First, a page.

News | January 23, 2014

Drug-Coated Device Opens Peripheral Arteries, Dissolves

Six-month results of ESPRIT trial promising

Espirt Bioresorbable Vascular Scaffold BVS Peripheral Artery Disease PAD

January 23, 2014 – Six-month results of the ESPRIT trial suggest a bioresorbable drug-eluting scaffold is effective in opening blocked blood vessels in the legs and pelvis, as presented at the 26th annual International Symposium on Endovascular Therapy (ISET). 

The bioresorbable vascular scaffold (BVS) looks and works like a stent to open blocked arteries in the legs or pelvis, and the drug coating prevents restenosis. The BVS is called a scaffold rather than a stent because it is a temporary structure that naturally dissolves into the blood stream within 18 months to two years.

 
“We’re seeing zero restenosis in the first patients to receive the BVS in the peripheral arteries, the vast majority of whom suffered moderate to severe pain while walking prior to treatment and had very little to no pain after treatment,” said Johannes Lammer, M.D., professor of radiology and director of the Division of Cardiovascular and Interventional Radiology at the Medical University of Vienna, Austria. “The BVS…opens arteries and prevents restenosis, then resorbs into the blood stream so there are no stent breaks, no prolonged irritation or delayed in-stent restenosis and no interference with magnetic resonance imaging or surgery.”
 
In the study of the Esprit BVS, 35 patients were treated for blockages averaging about 3.5 cm. Four patients had blockages in the pelvic iliac arteries and 31 in the superficial femoral artery. Six months after treatment, all of the arteries in the 34 patients who were followed remained open, with the narrowing reduced from an average of 80 percent prior to treatment to 13 percent after treatment. 
 
Prior to treatment, 32 patients (91 percent) had moderate to severe pain while walking, and no patients were pain-free. Six months after treatment, 29 patients (85 percent) had no pain while walking, and only one (3 percent) had moderate pain.
 
The BVS is made of polylactide, which naturally resorbs in the blood stream and has been shown to be safe in other medical uses, such as for dissolving stitches. A version of the device has been used to treat blocked heart arteries.
 
For more information: www.iset.ge

Related Content

Intact Vascular Inc. received U.S. Food and Drug Administration (FDA) market clearance for the Tack Endovascular System. This is a purpose-built dissection repair device implanted post-angioplasty in patients with peripheral arterial disease (PAD).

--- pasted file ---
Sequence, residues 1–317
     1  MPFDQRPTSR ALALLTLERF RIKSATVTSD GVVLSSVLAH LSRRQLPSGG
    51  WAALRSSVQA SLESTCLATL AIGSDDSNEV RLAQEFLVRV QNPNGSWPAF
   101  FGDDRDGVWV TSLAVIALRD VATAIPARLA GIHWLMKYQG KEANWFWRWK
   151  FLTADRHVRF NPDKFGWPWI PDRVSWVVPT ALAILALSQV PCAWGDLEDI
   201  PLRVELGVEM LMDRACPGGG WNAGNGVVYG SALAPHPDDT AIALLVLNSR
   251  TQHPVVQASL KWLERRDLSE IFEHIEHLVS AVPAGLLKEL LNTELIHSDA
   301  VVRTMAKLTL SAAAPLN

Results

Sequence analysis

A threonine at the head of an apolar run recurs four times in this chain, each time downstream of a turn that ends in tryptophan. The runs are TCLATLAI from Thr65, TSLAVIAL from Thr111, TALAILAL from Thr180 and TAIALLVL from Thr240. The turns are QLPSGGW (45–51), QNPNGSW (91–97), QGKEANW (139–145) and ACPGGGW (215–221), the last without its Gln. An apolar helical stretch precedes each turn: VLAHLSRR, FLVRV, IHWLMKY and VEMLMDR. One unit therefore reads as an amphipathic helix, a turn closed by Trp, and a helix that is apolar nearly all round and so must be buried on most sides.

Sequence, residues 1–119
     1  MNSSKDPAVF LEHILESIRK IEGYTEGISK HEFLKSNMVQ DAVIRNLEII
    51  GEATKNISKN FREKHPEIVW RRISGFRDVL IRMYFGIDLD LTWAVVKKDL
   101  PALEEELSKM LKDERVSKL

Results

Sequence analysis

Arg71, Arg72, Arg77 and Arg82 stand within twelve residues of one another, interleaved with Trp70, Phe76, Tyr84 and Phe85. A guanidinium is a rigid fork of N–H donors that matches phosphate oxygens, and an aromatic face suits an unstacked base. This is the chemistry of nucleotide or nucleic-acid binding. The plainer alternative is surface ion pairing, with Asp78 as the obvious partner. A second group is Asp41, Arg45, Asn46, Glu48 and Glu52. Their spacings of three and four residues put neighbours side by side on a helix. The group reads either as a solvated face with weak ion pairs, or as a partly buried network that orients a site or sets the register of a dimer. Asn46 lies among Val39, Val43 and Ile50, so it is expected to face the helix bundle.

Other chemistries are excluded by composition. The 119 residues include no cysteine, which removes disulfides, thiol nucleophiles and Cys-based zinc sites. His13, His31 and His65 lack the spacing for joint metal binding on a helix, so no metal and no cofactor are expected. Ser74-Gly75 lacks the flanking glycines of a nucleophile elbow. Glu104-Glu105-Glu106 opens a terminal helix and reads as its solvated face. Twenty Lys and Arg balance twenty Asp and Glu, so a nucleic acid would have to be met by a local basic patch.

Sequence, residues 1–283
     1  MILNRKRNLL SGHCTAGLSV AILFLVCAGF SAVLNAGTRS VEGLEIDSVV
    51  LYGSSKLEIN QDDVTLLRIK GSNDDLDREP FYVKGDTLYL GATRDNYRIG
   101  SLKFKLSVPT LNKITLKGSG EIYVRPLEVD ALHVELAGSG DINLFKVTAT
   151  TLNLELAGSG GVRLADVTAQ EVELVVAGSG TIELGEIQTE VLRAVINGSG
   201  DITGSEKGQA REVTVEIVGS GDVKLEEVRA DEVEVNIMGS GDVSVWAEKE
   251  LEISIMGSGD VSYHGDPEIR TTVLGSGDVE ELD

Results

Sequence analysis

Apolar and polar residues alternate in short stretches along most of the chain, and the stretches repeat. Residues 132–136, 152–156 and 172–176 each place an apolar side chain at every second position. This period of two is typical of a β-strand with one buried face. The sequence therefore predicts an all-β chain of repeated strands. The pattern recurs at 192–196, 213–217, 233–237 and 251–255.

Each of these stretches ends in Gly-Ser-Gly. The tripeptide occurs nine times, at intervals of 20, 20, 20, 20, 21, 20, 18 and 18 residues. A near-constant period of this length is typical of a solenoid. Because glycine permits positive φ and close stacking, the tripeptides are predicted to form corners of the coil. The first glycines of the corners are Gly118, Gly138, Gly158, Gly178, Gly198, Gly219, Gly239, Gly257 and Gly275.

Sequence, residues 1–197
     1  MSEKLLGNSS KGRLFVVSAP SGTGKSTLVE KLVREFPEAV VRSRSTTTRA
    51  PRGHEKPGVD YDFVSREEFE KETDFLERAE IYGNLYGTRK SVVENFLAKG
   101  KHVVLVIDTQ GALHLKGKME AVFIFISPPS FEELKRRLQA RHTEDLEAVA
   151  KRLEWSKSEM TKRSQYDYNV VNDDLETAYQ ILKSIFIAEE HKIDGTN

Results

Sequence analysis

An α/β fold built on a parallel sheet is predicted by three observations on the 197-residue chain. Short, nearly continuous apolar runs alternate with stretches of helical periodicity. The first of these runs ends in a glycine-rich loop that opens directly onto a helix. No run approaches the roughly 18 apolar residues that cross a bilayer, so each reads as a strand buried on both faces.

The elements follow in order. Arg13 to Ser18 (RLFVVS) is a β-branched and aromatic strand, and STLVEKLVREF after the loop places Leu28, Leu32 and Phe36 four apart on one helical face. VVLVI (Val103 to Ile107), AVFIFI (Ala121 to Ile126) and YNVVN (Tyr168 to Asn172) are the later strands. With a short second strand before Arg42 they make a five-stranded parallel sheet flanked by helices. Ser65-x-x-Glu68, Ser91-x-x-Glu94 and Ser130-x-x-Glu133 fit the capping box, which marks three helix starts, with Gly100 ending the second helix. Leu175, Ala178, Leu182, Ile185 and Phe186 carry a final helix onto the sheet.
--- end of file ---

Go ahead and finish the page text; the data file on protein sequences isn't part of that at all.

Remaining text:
Technology | Peripheral Artery Disease (PAD) | April 15, 2019
April 15, 2019 – Intact Vascular Inc. received U.S.
The Boston Scientific Eluvia self-expanding, drug-eluting peripheral stent. It outperformed the Cook Zilver stent in the IMPERIAL Trial presented at TCT 2018.

The Boston Scientific Eluvia self-expanding, drug-eluting peripheral stent. It outperformed the Cook Zilver stent in the IMPERIAL Trial presented at TCT 2018.

Feature | Peripheral Artery Disease (PAD) | January 30, 2019 | Dave Fornell, Editor
In recent years, there has been a lot of focus by vendors on developing better stenting technologies to treat...
The safety of paclitaxel-eluting stents and drug-coated balloons was called into question in a recent study that showed higher mortality rates after two years. The Cook Zilver PTX paclitaxel-eluting peripheral stent is among the devices included in that study.

The safety of paclitaxel-eluting stents and drug-coated balloons was called into question in a recent study that showed higher mortality rates after two years. The Cook Zilver PTX paclitaxel-eluting peripheral stent is among the devices included in that study.

Feature | Peripheral Artery Disease (PAD) | January 25, 2019 | Dave Fornell, Editor
The anti-proliferative drug paclitaxel has been used as a coating on coronary stents to prevent restenosis since 2003
Lumee Oxygen Platform Measures Treatment Response in Critical Limb Ischemia
News | Peripheral Artery Disease (PAD) | January 25, 2019
January 25, 2019 — Profusa announced promising...
BEST-CLI Trial Examining Critical Limb Ischemia Treatment Options Nears Enrollment Goal
News | Peripheral Artery Disease (PAD) | January 23, 2019
A new report in the Journal of Vascular Surgery chronicles a multi-site randomized controlled trial comparing treatment...
FDA Issues Letter About Paclitaxel Coated Balloons and Eluting Stents
News | Peripheral Artery Disease (PAD) | January 17, 2019
The U.S. Food and Drug Administration (FDA) issued a letter Jan. 17, 2019, to healthcare providers regarding a recent...
New Appropriate Use Criteria Released for Peripheral Artery Interventions
News | Peripheral Artery Disease (PAD) | December 19, 2018
A new set of appropriate use criteria (AUC) released Dec. 17 by a group of cardiovascular professional societies...
Lithotripsy Safe and Effective in Calcified Stenotic Peripheral Arteries
News | Peripheral Artery Disease (PAD) | December 04, 2018
New results from the DISRUPT PAD II study showed no perforations, embolization, reflow or abrupt closures with the...
Lutonix 014 Drug-Coated Balloon Safe and Effective Below the Knee
News | Peripheral Artery Disease (PAD) | November 07, 2018
The Lutonix Drug-Coated Balloon (DCB) showed statistically significant safety equivalence with a standard percutaneous...
Overlay Init